FIRE CHIEF TENDERS RESIGNATION; BATTALION CHIEF TAKES LIFE

FIRE CHIEF TENDERS RESIGNATION; BATTALION CHIEF TAKES LIFE

Friction and Dissention in City Government and Department the Cause —Subordinate Officer Commits Suicide

CLARENCE CRAW, chief of the Long Beach, Cal., fire department, has applied for retirement on pension. This was the result of friction and dissension among city officials and the officers of the fire department. Action of the City Council on the request and the appointment of Chief Craw’s successor, has not been announced.

Chief Craw joined the Long Beach department more than twenty years ago, being made the department head ten years, ago upon the death of the then Chief Shrewsbury. Battalion Chief John B. Buchanan, a veteran of the department, also announces his intention to apply for a pension, giving ill health as the cause of his action. Hugh R. Etzell, fire prevention chief, is another who expresses himself as about to leave the fire department. Perhaps the most important feature of the municipal upheaval is the severance of his connection with the city firemen’s pension fund of Manager-elect Charles Henderson. It is the intention of the City Council to fill up the ranks of the commissioned officers as soon as possible.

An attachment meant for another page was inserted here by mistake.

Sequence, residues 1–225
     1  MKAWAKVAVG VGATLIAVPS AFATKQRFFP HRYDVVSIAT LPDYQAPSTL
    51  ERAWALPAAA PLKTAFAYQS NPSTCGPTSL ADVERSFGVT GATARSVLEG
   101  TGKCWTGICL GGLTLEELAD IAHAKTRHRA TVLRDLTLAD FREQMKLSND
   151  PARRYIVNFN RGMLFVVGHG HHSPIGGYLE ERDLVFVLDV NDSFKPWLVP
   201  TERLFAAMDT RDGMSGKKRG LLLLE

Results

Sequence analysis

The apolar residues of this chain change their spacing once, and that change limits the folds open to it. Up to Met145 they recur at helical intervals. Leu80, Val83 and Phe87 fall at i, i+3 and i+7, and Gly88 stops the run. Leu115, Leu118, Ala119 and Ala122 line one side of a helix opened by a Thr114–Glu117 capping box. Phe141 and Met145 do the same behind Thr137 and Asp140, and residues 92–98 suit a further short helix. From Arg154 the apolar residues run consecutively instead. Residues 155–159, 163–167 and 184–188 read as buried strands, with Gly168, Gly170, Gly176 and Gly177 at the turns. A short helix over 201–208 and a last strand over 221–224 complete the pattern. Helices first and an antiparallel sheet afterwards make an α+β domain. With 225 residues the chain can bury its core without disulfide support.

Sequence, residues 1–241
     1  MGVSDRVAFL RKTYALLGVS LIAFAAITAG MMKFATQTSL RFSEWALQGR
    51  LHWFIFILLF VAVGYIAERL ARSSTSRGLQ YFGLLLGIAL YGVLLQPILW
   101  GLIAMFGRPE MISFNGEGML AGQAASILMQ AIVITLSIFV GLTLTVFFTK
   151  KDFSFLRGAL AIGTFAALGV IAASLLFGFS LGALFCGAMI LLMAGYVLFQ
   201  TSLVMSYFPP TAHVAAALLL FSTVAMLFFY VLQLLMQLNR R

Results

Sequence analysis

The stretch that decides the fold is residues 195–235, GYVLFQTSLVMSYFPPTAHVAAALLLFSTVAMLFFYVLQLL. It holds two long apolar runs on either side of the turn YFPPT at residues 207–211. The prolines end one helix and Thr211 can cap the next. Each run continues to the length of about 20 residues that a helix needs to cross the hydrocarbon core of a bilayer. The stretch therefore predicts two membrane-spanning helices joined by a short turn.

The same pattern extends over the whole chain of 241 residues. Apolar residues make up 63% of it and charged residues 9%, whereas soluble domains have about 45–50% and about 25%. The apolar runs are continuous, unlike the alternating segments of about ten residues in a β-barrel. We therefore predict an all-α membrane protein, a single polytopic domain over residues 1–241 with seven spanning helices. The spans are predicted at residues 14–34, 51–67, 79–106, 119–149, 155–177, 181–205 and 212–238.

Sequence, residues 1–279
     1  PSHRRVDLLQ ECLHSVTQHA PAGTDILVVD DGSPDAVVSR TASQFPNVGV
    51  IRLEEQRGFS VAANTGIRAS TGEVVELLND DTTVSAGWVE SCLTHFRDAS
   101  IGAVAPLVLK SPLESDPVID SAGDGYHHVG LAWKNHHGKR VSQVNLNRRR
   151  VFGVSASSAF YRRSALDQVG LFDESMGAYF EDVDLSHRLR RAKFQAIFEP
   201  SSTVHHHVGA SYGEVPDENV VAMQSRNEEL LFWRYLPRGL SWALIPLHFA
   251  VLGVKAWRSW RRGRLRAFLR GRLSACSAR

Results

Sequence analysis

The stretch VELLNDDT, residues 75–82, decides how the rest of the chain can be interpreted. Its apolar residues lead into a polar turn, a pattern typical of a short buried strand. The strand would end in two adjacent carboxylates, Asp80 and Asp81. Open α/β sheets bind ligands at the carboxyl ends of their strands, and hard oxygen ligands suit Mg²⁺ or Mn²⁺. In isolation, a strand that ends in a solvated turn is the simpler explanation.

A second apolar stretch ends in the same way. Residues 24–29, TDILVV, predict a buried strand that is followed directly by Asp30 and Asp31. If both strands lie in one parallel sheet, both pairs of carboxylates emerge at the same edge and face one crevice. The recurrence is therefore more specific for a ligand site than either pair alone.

Battalion Chief Jay B. Taylor committed suicide recently because of the constant friction among officers of the department. His body was found in one of the city parks to which he had driven alone in his automobile after attending a meeting with Chief Clarence Craw and other members of the fire department. Taylor had been missing for about ten hours, and not appearing for duty a hunting party went out to look for him. He had left a letter addressed to his wife and family, the contents of which left no doubt that it was a case of self-destruction. According to facts brought out, there had been considerable dissension going on in the department in which Taylor played an important part, but no one mistrusted that he had been overwrought by the incident. In his letter he declared that he had been “double-crossed” and that he had been guilty of “doublecrossing” others in the department, and intimated that he had suffered remorse for personal acts which had so preyed upon his mind that destruction by his own hand was the only relief. Taylor, who is survived by a widow and several children, had been a member of the Long Beach fire department for more than twenty years, and was eligible to retirement on pension.

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